Clearwater Lake Rodeo - My black gelding, Rocky, at twenty years old, won enough money in the Barrel Racing and Pole Bending to buy me a transistor radio! I bought a plaque for the radio with "In memory of Rocky" engraved on it. I still have the plaque.

Jackfish Lake Rodeo - Dad was trick roping at this rodeo and I was riding for his horse catches (a crowd-pleasing trickroping act whereby Dad would perform some fancy rope tricks, then, as I galloped by, flip the rope around my horse - either both front feet or the whole horse.) The photo below was taken in Dauphin, Manitoba in 1936 of Dad performing a horse catch. I do not know who the rider is)What I remember most, though, about Jackfish Rodeo is dancing under the stars with a calf roper (that shall be unnamed!) to the "Blue Danube Waltz" ('Blue were your eyes; blue were the skies; just like the blue dress you wore.' So romantic...). I was 15 years old, chaperoned by my parents and totally enamoured. Go figure... I still have the card and note he sentthe following Christmas. "I'll be up to see you one of these days," he writes. ". . . Don, Jim and I went down to Montana for 3 weeks . . . went to 12 rodeos and each of us placed in each one, but we spent nearly as much as we won. I got back to barebacking two weeks after Jackfish and then bucked off a saddle bronc about a month ago and broke my right arm." Such is rodeo life. I wonder how my life would have changed had he showed up at Clearwater Lake rodeo instead of going south. I never saw him or heard from him again.

Herbert Rodeo - I brought my barrel racing horse to this rodeo, but I remember most hanging out with a very good looking cowboy (also unnamed!) after the rodeo. A stagecoach (There were a couple of stage coaches in the Calgary Stampede Parade) was parked on a hill by the arena and, on his suggestion, we rolled it down the hill - with me in it! It was a harmless prank but, for me, a huge step out of my safe, "don't ever break the law" way of growing up. I was pretty worried we would get caught. (We didn't.) On the same night, we dashed to town on back roads just for the fun of it, and picked up a hitch hiker. I thought my cowboy friend was crazy (and out of character!) to pick him up, but he had a plan. "We'll put him in the back," he said. "The back" was the box of his truck complete with stock racks in which he had hauled his horse to the rodeo. Then he drove madly down the side roads with straw and ??? flying everywhere. When we got to town, the hitchhiker, wind-blown, straw-decorated hair and all, staggered away without a thank you.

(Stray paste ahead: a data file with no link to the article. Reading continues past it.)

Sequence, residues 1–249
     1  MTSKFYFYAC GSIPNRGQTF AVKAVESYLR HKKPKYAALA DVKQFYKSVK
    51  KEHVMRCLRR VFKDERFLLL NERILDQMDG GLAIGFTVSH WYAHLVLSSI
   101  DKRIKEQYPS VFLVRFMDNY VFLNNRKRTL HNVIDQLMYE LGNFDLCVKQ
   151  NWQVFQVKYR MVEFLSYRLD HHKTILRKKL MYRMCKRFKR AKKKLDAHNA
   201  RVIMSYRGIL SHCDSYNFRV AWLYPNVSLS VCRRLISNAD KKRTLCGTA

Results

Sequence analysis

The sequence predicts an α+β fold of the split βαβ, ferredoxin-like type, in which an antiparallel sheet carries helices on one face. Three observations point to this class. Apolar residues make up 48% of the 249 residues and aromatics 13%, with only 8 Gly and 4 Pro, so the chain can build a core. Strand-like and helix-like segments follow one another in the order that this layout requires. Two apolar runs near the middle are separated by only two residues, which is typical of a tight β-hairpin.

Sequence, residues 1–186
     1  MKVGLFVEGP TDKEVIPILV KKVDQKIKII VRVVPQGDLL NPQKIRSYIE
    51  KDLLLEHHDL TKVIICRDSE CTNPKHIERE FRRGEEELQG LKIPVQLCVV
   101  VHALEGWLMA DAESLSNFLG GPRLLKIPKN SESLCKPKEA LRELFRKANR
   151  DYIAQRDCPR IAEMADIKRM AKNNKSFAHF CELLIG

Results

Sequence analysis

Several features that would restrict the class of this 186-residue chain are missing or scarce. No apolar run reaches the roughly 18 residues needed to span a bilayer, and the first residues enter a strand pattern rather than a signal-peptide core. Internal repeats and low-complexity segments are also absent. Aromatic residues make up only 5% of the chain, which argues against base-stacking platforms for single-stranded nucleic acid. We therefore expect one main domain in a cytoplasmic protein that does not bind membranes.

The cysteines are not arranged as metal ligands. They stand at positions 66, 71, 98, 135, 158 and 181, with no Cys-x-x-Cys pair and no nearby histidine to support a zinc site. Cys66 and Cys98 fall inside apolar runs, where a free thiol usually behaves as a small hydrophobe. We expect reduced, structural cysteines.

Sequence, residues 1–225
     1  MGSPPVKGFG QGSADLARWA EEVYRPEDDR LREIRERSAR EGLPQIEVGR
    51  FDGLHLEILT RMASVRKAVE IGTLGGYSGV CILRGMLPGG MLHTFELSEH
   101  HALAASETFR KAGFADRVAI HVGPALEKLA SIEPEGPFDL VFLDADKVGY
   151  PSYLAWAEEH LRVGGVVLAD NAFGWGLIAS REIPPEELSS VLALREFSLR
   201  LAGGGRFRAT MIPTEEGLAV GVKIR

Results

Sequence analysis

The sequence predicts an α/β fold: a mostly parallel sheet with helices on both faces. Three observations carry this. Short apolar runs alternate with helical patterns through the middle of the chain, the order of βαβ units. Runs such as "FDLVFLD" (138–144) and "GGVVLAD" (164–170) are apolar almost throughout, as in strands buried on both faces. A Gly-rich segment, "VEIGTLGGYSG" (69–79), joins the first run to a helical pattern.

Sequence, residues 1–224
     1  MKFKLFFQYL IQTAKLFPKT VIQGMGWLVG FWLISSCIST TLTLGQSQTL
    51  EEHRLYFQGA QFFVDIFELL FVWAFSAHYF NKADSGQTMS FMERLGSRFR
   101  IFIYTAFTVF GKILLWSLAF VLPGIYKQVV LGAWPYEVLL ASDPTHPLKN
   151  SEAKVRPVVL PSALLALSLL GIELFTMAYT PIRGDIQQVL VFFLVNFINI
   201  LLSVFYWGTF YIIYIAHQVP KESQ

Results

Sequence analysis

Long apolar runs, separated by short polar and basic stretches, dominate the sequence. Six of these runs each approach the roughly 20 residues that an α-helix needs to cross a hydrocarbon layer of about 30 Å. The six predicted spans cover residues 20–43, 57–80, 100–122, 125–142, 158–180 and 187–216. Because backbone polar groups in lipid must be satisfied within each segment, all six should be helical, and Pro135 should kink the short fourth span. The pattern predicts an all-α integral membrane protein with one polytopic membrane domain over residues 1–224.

The pickup men for Calgary Stampede this year are Gary and Wade Rempel, the best in the business. But I don't remember them for their talent in the rodeo arena picking bronc riders from broncs. I remember riding to their home only a few miles from ours with Mom. They played in the yard while Mom visited with their parents, small boys doing small boy things. It would be wonderful if I had a hard copy of that picture that is in my mind, but I don't...